MY NAME IS JASON KORFHAGE, AND I AM A DANCE DAD. When I was first indoctrinated into the world of competitive dance, I was like a lost and scared baby lamb thrown into the middle of a hangry cougar habitat. Things were different then. Dance dads, once extremely elusive, have slowly emerged from the shadows to become a driving force in the lives of their dancing progeny. Only a decade ago, a dance dad sighting at a competition or convention was akin to a grainy bigfoot video. It was not uncommon to see a shy and timid dance dad, rocking back and forth in a corner, confused and afraid, trying to make sense of the dance program schedule, genres, scoring systems and group categorizations as if he was being forced to digest the entirety of the space shuttle operations manual in 20 minutes. Thankfully though, times have changed. Thanks, largely, to pioneering dance dads like myself (poll of one), a sort of renaissance has occurred, leading to a renewed vigor amongst dads to erase the stigma and become consistent contributors to all aspects of their child’s dance journey.
So what constitutes a modern dance dad? Most importantly, being a consistently calming and supportive force. Just BE THERE. Be there when they succeed, be there when they fail and be there for everything in between. One of my four proven super powers is making a bad situation better at my own expense. I thrive on cheering my daughter up even if it means humiliating myself in the process. Failure is a given, but teaching your child how to deal with failure and how to grow from it, is one of the best parts of being a parent. TRIGGER ALERT: This may appear to directly conflict with modern parenting methods, where success is typically handed out like Skittles®, regardless of the outcome, and any failure is most definitely NOT the result of your child, but obviously someone or something else, because you’ll be damned if little Timmy or Suzy should ever believe for one second that they aren’t perfectly infallible. I digress. So, yeah, don’t do that. Let them own that failure like the little plié-ing bosses they are. They can take it, and they will be better little humans for it.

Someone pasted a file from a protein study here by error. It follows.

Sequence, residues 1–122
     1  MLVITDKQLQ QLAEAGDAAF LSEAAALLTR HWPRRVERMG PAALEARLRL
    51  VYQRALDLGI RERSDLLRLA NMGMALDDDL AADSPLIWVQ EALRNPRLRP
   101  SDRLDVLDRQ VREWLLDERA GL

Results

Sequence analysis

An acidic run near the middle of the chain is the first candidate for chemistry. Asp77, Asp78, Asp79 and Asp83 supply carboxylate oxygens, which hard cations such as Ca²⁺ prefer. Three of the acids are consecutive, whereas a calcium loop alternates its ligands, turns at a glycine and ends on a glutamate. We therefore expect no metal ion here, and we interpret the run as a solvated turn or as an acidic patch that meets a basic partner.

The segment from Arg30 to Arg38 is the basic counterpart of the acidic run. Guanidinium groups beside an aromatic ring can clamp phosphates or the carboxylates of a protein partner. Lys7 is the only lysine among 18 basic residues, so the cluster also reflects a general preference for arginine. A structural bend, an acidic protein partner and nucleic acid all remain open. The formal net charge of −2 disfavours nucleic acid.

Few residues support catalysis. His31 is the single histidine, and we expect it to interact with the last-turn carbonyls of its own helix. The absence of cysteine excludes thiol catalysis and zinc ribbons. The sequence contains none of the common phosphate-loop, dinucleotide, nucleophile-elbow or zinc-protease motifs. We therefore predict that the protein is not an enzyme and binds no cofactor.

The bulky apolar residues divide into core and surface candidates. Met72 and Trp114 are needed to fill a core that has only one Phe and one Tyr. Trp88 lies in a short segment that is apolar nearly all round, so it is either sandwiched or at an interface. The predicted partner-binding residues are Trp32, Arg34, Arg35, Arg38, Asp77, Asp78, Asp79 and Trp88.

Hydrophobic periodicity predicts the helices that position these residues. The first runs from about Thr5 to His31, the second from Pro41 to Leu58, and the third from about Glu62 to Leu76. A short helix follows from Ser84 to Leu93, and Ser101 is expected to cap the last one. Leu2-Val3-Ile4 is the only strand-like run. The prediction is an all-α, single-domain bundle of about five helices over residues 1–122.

The daily dance dad grind varies greatly. Thankfully, your kid will do most of the real work, so more than anything it’s just showing up (preferably wearing a cape). With that, though, comes a variety of constants. Travel is certainly one of those, with regular driving (or even flying) to recitals, competitions and conventions. I am lucky to have a wife who handles the majority of the class/studio parental Uber-ing, but I’m always available in a pinch to pick up, drop off or rush forgotten decaying-carcass-smelling dance shoes to the studio. I can even manage a fairly decent bun or high ponytail, if I do say so myself. Get your hair game right, DADS.
At the competitions my duties could include helping out with stage props, using the second of my four super powers to locate the nearest Starbucks®, going on food runs during breaks, eavesdropping on dance mom conversations, keeping track of the dance order/ lineup and generally keeping my wife’s nerves from taking over. Watching your child dance is both one of the most rewarding experiences you can have AND one of the most anxiety riddled.
Once you begin to hone your dance dad skills, you will begin to notice the dads who don’t show up, OR show up for exactly 14 minutes each month and strut around as if they’ve satisfied some monumental daddy/hubby requirement, half expecting the judges to call THEIR names during the awards ceremony. Don’t be that dance dad. Be the dance dad who is fully engaged and sensitive to the needs of your dance family. Be the dance dad who can hang out with the dads AND the moms. It’s ok. They mostly don’t bite, despite what you might have seen on that popular reality TV show. THAT show has never been my reality.
So my advice to you young, naïve and aspiring dance dads? Whether you choose to fully embrace that role, and put as much energy into being a supportive dance dad as your wife does into being a dance mom and as your daughter does into being a dancer, is completely up to you. Just be keenly aware that your kids DO notice! I know my daughter, Riley, takes pride in the fact that I’ve never missed a competition. An inclusive approach will only enhance the feeling of community and make the experience all the more enjoyable. Childhood is fleeting, so why not go all in and squeeze every last drop out of the experience? Don’t quiver in a corner sucking on your dad thumb, and definitely don’t be scared of leotards and low buns. Be proud that you know what they are!